As mathematicians, we are obsessed with numbers! From the **history of numbers** to **the ways in which we use them today**, our modern world is overloaded with numbers, they just can’t be avoided. The time of day, the year, how fast we are allowed to drive, how hot it is outside… all of these are kept track of using numbers.

We all know how to count to ten. But, did you know that there are multiple ways in which we can express the same number? For example, when we talk about two of something, we can use the word *couple*, the word *pair*, or the word *duo*.

The same is true in mathematics. We can express the number two in different ways.

How can that be the case? Well, welcome to the wonderful world of decimal fractions!

## What Is A Decimal Fraction?

To understand decimal fractions, we must first make sure we understand both parts of the phrase.

As we know, a **fraction** is a number that represents a part of a whole. Some examples are a half (½), three-quarters (¾), or seven-eighths (⅞). Fractions have two parts, the top number, known as the numerator, and the bottom number, known as the denominator.

A decimal is a number, based on the number 10, that contains a decimal point. For example, the number 54.8 is a decimal.

Putting these definitions together, we can deduce that a decimal fraction is a fraction where the denominator is a number that is a power of ten, such as 10, 100, or 1000.

We can write the following decimal numbers as decimal fractions like so:

2.5 = 25/10

12.56 = 1256/100

We can also think of a decimal number as a whole number plus a decimal fraction:

2.5 = 2 and 5/10

12.56 = 12 and 56/100

Don’t forget, decimal numbers and decimal fractions can also be written as percentages:

38/100 = 38%

⅖ = 40%

Adding And Subtracting Decimals

Now that we’ve established what decimals are, we need to learn how they behave with one another, and how we can use them. The first step is to learn how to add and subtract decimals.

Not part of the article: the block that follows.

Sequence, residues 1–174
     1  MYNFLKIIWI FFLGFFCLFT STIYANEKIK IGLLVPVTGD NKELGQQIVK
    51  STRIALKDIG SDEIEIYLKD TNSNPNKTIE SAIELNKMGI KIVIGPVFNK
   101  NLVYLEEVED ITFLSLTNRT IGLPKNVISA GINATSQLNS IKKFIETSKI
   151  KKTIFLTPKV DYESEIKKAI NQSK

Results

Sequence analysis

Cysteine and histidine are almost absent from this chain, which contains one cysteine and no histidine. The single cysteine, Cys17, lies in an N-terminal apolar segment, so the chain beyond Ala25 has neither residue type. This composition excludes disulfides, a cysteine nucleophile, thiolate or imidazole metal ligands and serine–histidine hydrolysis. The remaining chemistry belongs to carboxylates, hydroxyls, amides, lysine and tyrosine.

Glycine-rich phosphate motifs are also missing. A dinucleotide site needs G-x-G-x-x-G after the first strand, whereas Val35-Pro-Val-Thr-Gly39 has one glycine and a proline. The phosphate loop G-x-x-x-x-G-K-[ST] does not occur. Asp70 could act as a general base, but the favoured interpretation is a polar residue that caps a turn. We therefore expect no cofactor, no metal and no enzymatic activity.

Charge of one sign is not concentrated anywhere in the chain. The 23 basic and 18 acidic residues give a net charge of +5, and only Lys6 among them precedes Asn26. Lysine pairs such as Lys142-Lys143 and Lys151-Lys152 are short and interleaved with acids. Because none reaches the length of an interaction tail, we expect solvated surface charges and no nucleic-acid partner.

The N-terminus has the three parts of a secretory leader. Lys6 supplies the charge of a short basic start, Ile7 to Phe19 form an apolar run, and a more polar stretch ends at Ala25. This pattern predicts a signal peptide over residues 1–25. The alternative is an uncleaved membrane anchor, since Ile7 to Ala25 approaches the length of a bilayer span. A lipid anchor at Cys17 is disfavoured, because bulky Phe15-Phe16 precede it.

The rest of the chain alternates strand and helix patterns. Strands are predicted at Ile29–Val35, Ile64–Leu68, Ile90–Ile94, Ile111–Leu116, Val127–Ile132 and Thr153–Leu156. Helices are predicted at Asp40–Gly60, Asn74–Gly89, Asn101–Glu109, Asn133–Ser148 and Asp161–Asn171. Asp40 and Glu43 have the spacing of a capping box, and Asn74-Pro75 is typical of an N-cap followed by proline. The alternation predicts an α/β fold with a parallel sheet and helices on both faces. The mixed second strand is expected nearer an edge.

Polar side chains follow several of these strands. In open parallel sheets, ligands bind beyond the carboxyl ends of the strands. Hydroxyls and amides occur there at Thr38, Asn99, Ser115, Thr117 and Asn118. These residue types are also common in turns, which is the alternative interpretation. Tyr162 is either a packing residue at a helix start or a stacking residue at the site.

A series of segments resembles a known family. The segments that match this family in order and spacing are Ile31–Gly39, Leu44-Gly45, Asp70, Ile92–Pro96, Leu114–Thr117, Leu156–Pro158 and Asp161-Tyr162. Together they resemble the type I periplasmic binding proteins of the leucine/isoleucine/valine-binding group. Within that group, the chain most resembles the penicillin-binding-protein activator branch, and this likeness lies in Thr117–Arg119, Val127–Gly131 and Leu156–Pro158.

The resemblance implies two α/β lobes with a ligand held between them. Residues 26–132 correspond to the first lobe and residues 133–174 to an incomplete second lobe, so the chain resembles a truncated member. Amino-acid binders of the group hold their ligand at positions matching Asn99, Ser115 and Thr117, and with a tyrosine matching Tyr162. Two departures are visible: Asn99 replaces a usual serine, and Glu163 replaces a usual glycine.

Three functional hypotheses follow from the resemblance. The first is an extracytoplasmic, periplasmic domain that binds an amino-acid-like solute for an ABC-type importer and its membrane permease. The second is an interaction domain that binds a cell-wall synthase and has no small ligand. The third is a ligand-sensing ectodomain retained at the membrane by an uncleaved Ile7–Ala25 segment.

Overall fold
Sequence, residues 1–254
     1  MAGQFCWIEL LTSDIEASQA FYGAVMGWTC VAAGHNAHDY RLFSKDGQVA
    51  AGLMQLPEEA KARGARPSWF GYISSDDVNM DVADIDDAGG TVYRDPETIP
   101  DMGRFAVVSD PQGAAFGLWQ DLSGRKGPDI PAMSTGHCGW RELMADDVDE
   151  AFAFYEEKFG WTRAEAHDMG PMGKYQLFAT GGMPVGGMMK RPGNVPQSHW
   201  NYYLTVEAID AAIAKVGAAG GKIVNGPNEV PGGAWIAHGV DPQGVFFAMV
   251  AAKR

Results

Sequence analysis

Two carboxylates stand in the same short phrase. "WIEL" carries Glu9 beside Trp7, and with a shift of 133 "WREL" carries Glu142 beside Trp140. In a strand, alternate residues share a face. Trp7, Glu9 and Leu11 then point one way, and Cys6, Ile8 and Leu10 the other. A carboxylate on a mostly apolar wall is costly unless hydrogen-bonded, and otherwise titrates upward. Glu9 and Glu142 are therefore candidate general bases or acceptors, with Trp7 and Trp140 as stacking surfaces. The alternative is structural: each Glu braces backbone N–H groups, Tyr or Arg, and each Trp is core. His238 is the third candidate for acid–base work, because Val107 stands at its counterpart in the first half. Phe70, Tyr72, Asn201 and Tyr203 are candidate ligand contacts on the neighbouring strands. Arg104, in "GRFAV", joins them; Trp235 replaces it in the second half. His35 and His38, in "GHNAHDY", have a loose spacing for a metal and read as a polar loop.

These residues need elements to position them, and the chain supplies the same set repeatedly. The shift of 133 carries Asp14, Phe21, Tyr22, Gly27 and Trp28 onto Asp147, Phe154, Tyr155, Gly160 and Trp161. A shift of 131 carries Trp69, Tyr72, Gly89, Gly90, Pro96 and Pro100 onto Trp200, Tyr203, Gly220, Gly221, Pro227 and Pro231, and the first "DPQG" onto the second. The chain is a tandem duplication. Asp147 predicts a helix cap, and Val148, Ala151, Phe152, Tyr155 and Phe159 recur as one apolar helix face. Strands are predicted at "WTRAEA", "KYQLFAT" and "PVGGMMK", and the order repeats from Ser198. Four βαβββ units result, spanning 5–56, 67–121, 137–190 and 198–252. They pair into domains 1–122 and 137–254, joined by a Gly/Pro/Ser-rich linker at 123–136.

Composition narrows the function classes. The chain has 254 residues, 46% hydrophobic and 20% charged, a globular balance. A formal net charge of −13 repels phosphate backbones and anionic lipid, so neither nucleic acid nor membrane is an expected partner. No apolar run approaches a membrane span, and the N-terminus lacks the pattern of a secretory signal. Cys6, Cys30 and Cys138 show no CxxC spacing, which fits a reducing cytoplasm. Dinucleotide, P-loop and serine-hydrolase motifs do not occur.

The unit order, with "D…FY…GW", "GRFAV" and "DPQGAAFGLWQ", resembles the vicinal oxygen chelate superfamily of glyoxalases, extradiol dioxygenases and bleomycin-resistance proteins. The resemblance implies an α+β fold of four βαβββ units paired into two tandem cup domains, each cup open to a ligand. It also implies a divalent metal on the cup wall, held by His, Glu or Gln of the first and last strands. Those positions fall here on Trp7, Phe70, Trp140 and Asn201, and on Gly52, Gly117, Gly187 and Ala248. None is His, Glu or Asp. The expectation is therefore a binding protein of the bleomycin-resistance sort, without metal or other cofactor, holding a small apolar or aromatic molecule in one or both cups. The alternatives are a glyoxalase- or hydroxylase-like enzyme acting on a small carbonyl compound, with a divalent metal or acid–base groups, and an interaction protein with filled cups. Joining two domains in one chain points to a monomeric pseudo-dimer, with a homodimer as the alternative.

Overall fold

To add decimals, follow these steps:

- Write the numbers, one under the other, with the decimal points lined up;
- Put in zeros so the numbers have the same length;
- Then, using column addition, add them together;
- Remember to put the decimal point in the answer.

Similarly, to subtract decimals, take this approach:

- Write the numbers, one under the other, with the decimal points lined up;
- Add zeros so the numbers have the same length;
- Then subtract normally;
- Remember to put the decimal point in the answer.

Try it out for yourself on one of **these handy worksheets**.

Easy enough, right? Let’s take a quick look at something a bit more complex!

Multiplying And Dividing Decimals

Just as we can add and subtract decimals, so too can we multiply and divide them.

To multiply decimals, follow these steps:

- Multiply normally, ignoring the decimal points;
- Then put the decimal point in the answer → it will have as many decimal places as the two original numbers combined.

Put simply, count up how many numbers appear after the decimal point in each of the numbers you are multiplying. Your final answer should have the same number of numbers after the decimal, as the combined total of numbers you had after the decimal in the question.

To divide decimals, we have an even quicker shortcut:

- Multiply your number with a decimal (called the divisor, in this case) by 10 as many times as we need to until your original decimal number is written as a whole number;
- Multiply the dividend (the number you are dividing by) by the same number of tens.

Still struggling to understand fully? Check out these **helpful animations** on dividing decimals.

Converting Decimals To Fractions

The final step on our path toward understanding decimals is to learn how we convert decimals into fractions.

Once again, we have broken the process down into easy-to-follow steps:

- Write down the decimal divided by 1, like this: 0.75/1;
- Multiply both top and bottom by 10 for every number after the decimal point;
- Simplify the fraction.

If you need to convert a decimal to a fraction quickly, you can get used to the process by practicing on this **conversion calculator.**

## A Full-Blown Curriculum In A Fraction Of The Time

At OMC, our **online math courses** are specially designed to help middle and high school math students excel in the subject, by plugging gaps in their knowledge, giving them a head start on their classmates, and getting them the all-important practice for testing environments.

**Contact OMC today**, to see how we can help kickstart your **child’s math success**.